Best Hikes On The Big Island
The Island of Hawaii, better known as the Big Island, is bigger than the rest of the islands in the chain put together. It is one of the most diverse islands in the world, a place where you could theoretically ski in the morning, hike in a tropical rainforest in the afternoon, and go for a dip in the ocean before sunset
Mauna Kea Summit Hike
At a height of 13,800 feet (4,207m), Mauna Kea is the highest peak in Hawaii. In fact, if the height of mountains was measured from their base on the ocean floor, Mauna Kea would be the tallest mountain in the world! A sacred place to native Hawaiians way above the cloud line, the air at the summit is so clean and free from light pollution, that it is the perfect location for the largest array of high-powered telescopes in the world. The summit trail is an uphill battle from the start, but the pain in your legs, shortness of breath, and often cold conditions (maybe even snow) are constantly rewarded with superb Mars-like views.
Along the way, you’ll reach Lake Wai’au – the third highest lake in the US and a peculiar site amid the desert landscape. Once at the summit, you’ll feel extra tiny amid the giant telescopes and enjoy miles of unobstructed views. The hike can be combined with sunset viewing and stargazing at the visitor’s center. For a similar experience devoid of any man-made “interruptions”, hike to the summit of Mauna Loa (though, as of July 2019, Mauna Loa is showing signs of activity so it’s best to check before heading out).
Total distance: 16 miles (26 km)
Degree of difficulty: very (very) challenging
Time: 8-10 hours
Hi’ilawe Falls – Waipio Valley
The majestic Waipio Valley is the most impressive in a series of deep valleys on the Big Island’s remote northeastern coast. Slicing inland for over 10 km of thick jungle, freshwater streams, and giant waterfalls, Waipio Valley is also known as “The Valley of the Kings” and holds significant importance in native Hawaiian culture. The valley is the setting for a number of great hikes, such as the multi-day Muliwai Trail. But for the ultimate adventure, hike to the spectacular Hi’ilawe Falls and be one of the few that get to experience this pristine side of Hawaii.
Unfortunately, local residents claim that the path leading up to the falls is on private land and they do not want tourists hiking there, to say the least (though many locals do). So you ask locals for permission before undertaking this hike. After crossing the Hi’ilawe Stream at several points (sometimes in neck-deep water), you’ll reach the base of the falls (1450 ft, 442m) and likely be the only ones there!
Total distance: ~4.5 miles (7 km) starting from Waipio Valley Lookout
Degree of difficulty: challenging
Time: ~5 hours including a return visit to Waipio Beach (must ask permission from locals)
Green Sand Beach
Officially known as Papakolea Beach, the Green Sand Beach owes its fame to the unique composition of its eroded soil. Located “way out there” in the South Point Peninsula – the southernmost point in the 50 states – the beach is reached via a relatively easy (but long) coastal hike. Due to the fragile natural environment, driving to the beach is not permitted, not with your own 4WD or with locals who might offer a paid ride to the beach. The enjoyable hike takes you along the beautiful coastline on makeshift paths that were formed in the sand until eventually you can spot the gem from a distance. Though swimming is sometimes dangerous, I managed to visit on a clear day when the water was perfectly clear and calm.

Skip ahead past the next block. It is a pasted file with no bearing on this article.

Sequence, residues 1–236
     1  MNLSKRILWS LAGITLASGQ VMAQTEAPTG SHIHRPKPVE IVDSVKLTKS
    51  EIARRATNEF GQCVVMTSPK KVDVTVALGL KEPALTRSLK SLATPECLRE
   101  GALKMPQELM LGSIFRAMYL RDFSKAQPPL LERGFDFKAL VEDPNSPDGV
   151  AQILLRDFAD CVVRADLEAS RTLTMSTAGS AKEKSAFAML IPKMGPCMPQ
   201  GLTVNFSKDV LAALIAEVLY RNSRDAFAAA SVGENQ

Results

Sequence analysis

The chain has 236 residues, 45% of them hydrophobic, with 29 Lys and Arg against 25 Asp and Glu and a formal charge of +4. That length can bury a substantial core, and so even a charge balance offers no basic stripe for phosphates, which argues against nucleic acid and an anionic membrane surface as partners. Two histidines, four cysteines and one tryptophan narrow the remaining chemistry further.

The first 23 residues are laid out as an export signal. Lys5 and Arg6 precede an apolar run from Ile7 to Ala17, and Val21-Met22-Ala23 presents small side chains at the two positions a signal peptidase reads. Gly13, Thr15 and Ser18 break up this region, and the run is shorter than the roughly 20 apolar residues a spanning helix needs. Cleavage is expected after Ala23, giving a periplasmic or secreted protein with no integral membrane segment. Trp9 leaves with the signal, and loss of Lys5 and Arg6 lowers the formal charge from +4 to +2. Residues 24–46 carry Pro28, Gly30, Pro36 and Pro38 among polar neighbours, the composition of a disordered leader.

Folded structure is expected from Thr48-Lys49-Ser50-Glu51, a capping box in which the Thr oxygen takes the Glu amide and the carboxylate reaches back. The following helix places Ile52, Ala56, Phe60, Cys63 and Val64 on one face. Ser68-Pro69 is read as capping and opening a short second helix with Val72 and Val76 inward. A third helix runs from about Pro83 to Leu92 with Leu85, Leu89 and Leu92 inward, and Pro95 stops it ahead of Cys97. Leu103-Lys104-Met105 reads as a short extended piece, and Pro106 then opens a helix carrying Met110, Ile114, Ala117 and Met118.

Total distance: ~5.6 miles (9 km)
Degree of difficulty: very easy
Time: ~3-4 hours including beach time
Kilauea Iki Trail
If there’s only enough time for one activity during your visit to Hawaii Volcanoes National Park, it surely must be the Kilauea Iki hike. Basically taking you to “the moon and back”, the hike traverses a diverse landscape, starting from a misty rainforest and heading down to a steamy crater floor before climbing back to the top via a different section of the same forest. The highlight is without a doubt the time spent on the crater floor. You feel absolutely tiny and awestruck at the sight of steam vents popping out of the ash-covered ground from every corner, a stark reminder, in case you forgot, that the Kilauea Volcano is alive and kicking.
Total distance: 4 miles (6.5 km)
Degree of difficulty: moderate
Time: ~2.5 hours
Kalapana Lava Viewing
At the present time, there is no way to get close to the current lava eruption from within the national park. So for an unforgettable experience of meeting the Fire Goddess Pele from up close, you must drive to the very end of scenic Highway 137 in Kalapana and… start walking (or cycling). It’s best to start hiking about 90 minutes before the sun sets to witness the incredible change of color as the lava trickles down from the hilltop like a waterfall. Once you reach the current flow, you can walk along “the banks” of the lava river and feel the intense heat as liquid-rock oozes in mesmerizing fashion. Before heading back and leaving “the gateway to hell”, turn to the seaside and witness the flow of the Kilauea Volcano cascading into the Pacific Ocean in a battle of the elements. It’s not exactly clear who is the winner at any given moment, but this experience will last in your memory for a lifetime!
Total distance: ~5 miles (8km)
Degree of difficulty: easy
Time: ~3 hours